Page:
There are some questions which I’m often asked – FAQ’s – about public speaking and presentations. So here’s a list of 5 of the most common ones – see if any of them are ones you’d be asking yourself.
Q1. What’s one of the most common public speaking mistakes?
A. Too much content. I used to have this problem all the time, and it came from a combination of enthusiasm about the topic, wanting to give a huge amount of value, and fear that I would run out of content and be left with nothing else to say while everyone stared at me!
I eventually learned that I was not looking after my audience by doing this. And it’s something that I find happens a lot for my clients as well.
The more points we have, the less likely our audience is to understand or remember our points as we make them. We drain their brains and fry their attention by trying to cram too much content into our talk.
They’ll leave confused and unimpressed.
So it’s worth remembering the old cliche “less is more”. What does the audience need to know? Instead of “what would it be nice for them to know but isn’t essential?”.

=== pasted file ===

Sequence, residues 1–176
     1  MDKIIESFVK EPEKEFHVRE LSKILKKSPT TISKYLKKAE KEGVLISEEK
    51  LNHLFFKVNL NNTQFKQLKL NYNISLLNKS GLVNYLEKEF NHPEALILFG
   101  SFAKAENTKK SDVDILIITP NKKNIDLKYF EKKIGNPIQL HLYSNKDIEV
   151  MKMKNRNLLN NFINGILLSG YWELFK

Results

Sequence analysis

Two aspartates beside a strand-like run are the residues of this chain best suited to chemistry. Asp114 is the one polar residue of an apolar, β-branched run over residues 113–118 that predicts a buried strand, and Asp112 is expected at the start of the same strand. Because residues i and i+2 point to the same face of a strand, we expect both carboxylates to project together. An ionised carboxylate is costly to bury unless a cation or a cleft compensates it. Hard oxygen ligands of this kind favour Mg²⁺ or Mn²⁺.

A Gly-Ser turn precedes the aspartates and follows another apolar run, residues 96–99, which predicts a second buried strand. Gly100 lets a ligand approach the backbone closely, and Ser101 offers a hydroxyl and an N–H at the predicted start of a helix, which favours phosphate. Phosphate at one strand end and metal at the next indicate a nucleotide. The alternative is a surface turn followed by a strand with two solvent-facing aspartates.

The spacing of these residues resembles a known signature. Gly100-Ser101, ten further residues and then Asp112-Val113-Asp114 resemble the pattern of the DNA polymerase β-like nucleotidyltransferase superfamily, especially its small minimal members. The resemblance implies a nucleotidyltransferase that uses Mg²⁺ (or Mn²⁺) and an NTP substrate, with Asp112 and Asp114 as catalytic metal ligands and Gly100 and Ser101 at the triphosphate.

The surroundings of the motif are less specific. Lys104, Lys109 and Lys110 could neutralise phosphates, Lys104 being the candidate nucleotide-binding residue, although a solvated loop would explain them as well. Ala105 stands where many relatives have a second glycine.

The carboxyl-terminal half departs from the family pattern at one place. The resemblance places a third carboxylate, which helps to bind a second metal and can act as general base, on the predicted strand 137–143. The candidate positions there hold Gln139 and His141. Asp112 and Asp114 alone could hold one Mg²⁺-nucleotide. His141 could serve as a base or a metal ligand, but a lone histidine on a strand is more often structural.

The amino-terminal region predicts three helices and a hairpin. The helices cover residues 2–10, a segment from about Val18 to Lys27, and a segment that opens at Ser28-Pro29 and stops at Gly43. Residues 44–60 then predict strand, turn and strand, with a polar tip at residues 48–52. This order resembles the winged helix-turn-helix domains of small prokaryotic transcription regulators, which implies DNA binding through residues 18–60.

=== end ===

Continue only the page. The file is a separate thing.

I’ve written more about this here.
Q2. What’s more important– content or delivery?
A. This is an interesting area, and one where participants in my workshops will often disagree.
Ultimately, both are important if we want our audience to be able to understand and remember our messages.
I couldn’t say that they’re equally important, simply because there are so many topics and audiences out there with different needs and expectations.
For example, a scientific or medical audience is expecting the content, not a dynamic delivery style. In fact an over the top, overly passionate style will put them off.
However I work with many clients in these areas speaking for example at global conferences – I had one client early this year give a presidential address in Denver – and when they do work on their delivery and make it authentic to them and something that they are comfortable to do, they get great feedback on their presentation.
It’s such a refreshing change for the audience that their presentation will stand out.
But for this audience, content will beat delivery.
So for one audience, content will definitely win out: for another, delivery is vital, or they’ll walk away.
Let’s compare the two:
Great content delivered poorly is a real problem because if we’re not engaging and able to deliver in an interesting way, the audience will usually stop listening.